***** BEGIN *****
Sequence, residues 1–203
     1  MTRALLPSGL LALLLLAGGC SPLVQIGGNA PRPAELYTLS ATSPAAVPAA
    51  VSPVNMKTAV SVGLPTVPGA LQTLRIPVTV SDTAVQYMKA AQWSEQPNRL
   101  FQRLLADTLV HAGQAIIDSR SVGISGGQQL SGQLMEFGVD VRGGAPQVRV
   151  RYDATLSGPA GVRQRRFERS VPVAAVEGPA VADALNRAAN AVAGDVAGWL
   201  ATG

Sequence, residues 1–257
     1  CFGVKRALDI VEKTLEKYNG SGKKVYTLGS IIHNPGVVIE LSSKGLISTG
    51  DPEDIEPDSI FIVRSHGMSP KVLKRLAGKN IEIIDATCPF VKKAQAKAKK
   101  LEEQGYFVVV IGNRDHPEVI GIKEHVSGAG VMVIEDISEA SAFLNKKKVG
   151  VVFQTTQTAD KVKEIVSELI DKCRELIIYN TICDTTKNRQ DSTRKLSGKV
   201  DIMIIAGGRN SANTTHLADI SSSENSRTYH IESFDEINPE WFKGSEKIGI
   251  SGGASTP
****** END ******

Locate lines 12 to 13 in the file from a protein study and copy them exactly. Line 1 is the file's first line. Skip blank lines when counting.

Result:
   201  DIMIIAGGRN SANTTHLADI SSSENSRTYH IESFDEINPE WFKGSEKIGI
   251  SGGASTP